Out-of-state libertarians are trying to defeat a term limits measure on the June ballot, but so far, they haven't been able to match the financial heft of the coalition of unions and business interests backing it.
Prop. 28 would tweak the current term limits regime by reducing the total amount of time a California legislator can serve from 14 to 12 years, while allowing a legislator to serve any of those years in either the state Assembly or Senate. Currently, under limits set by ballot initiative in 1990, lawmakers can serve a maximum of six years in the Assembly and eight years in the Senate.
The campaign supporting the measure has raised more than $2 million from sources that are often rivals: Democratic and Republican donors, labor and business groups, and even a pair of dueling developers. On the other side, opponents of the measure have rustled up only $150,000.
The biggest anti-Prop. 28 contribution came from the Liberty Initiative Fund, a new Virginia-based advocacy organization started by longtime ballot initiative activist Paul Jacob. Jacob doesn't like Mitt Romney much better than Barack Obama and wrote of former President George W. Bush's policies: "Too few of us dubbed it 'socialism' back then."
Jacob said Prop. 28 proponents are "masquerading" as term limit supporters when, in reality, they're trying to weaken them.
"This is a very serious scam being played on the people of California, and we want to do everything we can to alert folks," Jacob said. "If the word gets out, the people will overwhelmingly defeat Prop 28."
The Liberty Initiative Fund started this year "to put measures on the ballot that will expand and protect individual freedom, economic freedom, and that will hold government accountable," Jacob said. It is working on initiative efforts in Colorado, Washington, Arkansas, North Dakota, Montana, Arizona and Nevada. Jacob declined to identify the organization's donors.
"We’re relatively a pretty small player, but we think that’s going to change, and change rapidly," Jacob said.
Howard Rich, a real estate developer famous for funding libertarian causes, gave the opposition effort $45,000. Rich and Jacob are old term limit warriors; Rich founded the group U.S. Term Limits, and Jacob ran it for many years.
Rich has been active in California before. In 2006, the San Francisco Chronicle reported that a complicated web of advocacy groups with ties to Rich funneled millions of dollars to a ballot measure that would have limited the government's ability to seize private property. The initiative failed.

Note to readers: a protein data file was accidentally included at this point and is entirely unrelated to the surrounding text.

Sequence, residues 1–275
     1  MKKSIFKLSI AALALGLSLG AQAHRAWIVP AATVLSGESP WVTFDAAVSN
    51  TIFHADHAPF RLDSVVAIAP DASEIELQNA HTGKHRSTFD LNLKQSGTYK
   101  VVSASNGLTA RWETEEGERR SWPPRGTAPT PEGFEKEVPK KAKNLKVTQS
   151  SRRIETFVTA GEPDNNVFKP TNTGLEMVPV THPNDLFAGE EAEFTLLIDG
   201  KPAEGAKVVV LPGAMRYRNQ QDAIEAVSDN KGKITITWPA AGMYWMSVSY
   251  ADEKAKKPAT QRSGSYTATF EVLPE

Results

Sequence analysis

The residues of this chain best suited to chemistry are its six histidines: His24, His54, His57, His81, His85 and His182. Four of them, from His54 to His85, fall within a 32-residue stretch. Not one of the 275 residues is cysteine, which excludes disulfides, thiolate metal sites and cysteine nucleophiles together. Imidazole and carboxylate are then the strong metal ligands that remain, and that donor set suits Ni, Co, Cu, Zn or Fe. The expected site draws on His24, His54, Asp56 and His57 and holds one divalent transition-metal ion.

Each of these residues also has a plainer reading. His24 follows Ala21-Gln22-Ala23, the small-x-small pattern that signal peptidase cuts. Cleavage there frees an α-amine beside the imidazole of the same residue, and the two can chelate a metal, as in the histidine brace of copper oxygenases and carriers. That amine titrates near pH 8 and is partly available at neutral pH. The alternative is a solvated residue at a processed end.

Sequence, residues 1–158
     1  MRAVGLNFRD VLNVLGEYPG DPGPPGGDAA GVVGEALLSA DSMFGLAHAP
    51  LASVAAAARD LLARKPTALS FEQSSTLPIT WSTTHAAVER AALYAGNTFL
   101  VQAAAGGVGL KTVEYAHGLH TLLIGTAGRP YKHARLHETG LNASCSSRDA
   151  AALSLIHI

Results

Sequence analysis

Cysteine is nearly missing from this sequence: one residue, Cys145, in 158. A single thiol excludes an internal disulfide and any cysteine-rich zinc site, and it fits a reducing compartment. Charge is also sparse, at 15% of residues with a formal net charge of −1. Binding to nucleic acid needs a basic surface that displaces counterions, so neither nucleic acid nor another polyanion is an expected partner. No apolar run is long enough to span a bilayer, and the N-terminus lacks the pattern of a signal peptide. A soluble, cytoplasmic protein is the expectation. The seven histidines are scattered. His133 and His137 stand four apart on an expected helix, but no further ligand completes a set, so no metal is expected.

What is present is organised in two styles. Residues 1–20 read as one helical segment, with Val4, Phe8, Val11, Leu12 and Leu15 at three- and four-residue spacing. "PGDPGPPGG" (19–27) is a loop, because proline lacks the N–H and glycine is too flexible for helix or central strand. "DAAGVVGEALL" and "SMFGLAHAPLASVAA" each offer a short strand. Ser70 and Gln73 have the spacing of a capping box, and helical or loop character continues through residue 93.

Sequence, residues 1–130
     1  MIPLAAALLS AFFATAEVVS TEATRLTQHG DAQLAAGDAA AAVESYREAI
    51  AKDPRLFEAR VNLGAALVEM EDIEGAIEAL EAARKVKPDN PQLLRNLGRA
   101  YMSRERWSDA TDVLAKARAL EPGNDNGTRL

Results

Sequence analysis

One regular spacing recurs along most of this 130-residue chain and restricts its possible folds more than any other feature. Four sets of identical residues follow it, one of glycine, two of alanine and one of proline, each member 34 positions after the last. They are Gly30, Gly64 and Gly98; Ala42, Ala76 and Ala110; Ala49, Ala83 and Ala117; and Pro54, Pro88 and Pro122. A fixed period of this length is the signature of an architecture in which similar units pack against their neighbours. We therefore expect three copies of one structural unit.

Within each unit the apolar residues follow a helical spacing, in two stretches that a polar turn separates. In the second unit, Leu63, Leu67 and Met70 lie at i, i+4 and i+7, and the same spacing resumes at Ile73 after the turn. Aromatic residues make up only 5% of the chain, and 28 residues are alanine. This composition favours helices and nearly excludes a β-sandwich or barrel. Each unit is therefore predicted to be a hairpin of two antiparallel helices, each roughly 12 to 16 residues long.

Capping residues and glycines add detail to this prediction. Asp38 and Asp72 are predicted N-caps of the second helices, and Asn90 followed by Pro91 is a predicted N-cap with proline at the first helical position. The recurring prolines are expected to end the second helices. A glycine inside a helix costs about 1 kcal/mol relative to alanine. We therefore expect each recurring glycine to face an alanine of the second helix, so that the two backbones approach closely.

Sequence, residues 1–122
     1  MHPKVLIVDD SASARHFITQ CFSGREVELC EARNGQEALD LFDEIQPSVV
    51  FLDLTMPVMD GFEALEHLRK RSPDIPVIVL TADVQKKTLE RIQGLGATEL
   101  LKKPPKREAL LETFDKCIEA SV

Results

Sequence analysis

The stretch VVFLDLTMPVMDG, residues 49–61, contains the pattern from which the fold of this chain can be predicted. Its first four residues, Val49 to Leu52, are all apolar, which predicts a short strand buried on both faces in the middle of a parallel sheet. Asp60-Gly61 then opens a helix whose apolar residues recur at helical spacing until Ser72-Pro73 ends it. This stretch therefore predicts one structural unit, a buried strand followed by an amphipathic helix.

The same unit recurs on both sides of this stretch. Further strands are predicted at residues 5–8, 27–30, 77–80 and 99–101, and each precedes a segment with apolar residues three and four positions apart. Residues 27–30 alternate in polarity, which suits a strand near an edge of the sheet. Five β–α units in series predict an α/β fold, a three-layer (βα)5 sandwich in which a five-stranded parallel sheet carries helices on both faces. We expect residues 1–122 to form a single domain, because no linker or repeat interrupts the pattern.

Opponents of Prop. 28 blast the ballot measure campaign for being bankrolled by "special interests." The Los Angeles County Federation of Labor provided hundreds of thousands of dollars in contributions and loans, while Pacific Gas & Electric and the Los Angeles Chamber of Commerce each gave $100,000.
Former Univision CEO and GOP mega-donor Jerry Perenchio gave $100,000, while liberal billionaire Eli Broad gave $50,000. They usually have more distinct political tastes. Perenchio gave $500,000 to a super political action committee supporting Mitt Romney this year, while Broad gave $35,800 to the Obama Victory Fund last year.
Gabriel Sanchez, a spokesman for the Prop. 28 campaign, notes that good-government groups like California Common Cause and the League of Women Voters of California also support the measure.
"What we have now is a broken status quo," Sanchez said. "What we have is lawmakers constantly campaigning, looking for the next job."
Sanchez said that under the current system, legislators bounce around from the Senate to the Assembly to other political posts without being able to focus on their jobs. He objected to the notion that the campaign is snookering voters.
"It’s a simple reform," he said. "When voters look at it, I’m sure they’ll have the same conclusion. It’s very clear what it does."
Opponents, though, are especially critical of contributions to the measure from two competing developers. Majestic Realty, owned by Ed Roski, gave $400,000, while L.A. Live Properties – part of Denver billionaire Philip Anschutz's entertainment company AEG – gave $100,000. Anschutz wants to build a professional football stadium in downtown Los Angeles, while Roski aims to build one in the City of Industry.
The two prominent developers used to be partners, working together to develop the Staples Center, and both still own parts of the Los Angeles Lakers and Los Angeles Kings. Anschutz, whom The New Yorker dubbed "The Man Who Owns L.A.," also owns the conservative Weekly Standard.
The two developers have had help from state legislators. In 2009, the Legislature gave Roski's stadium project an exemption from state environmental regulations. Last year, lawmakers voted to fast-track environmental challenges to Anschutz's stadium project.
Jacob, the Prop. 28 opponent, said the fact that the developers then gave money to a measure he believes relaxes limits on legislators just "stinks."
Sanchez called the argument that the developers might be trying to reward lawmakers "completely bogus" because the measure doesn't affect current legislators.
"They’re supporting it the same as we have support from the business community, the labor community and good-government groups – because it’s a sensible law," he said.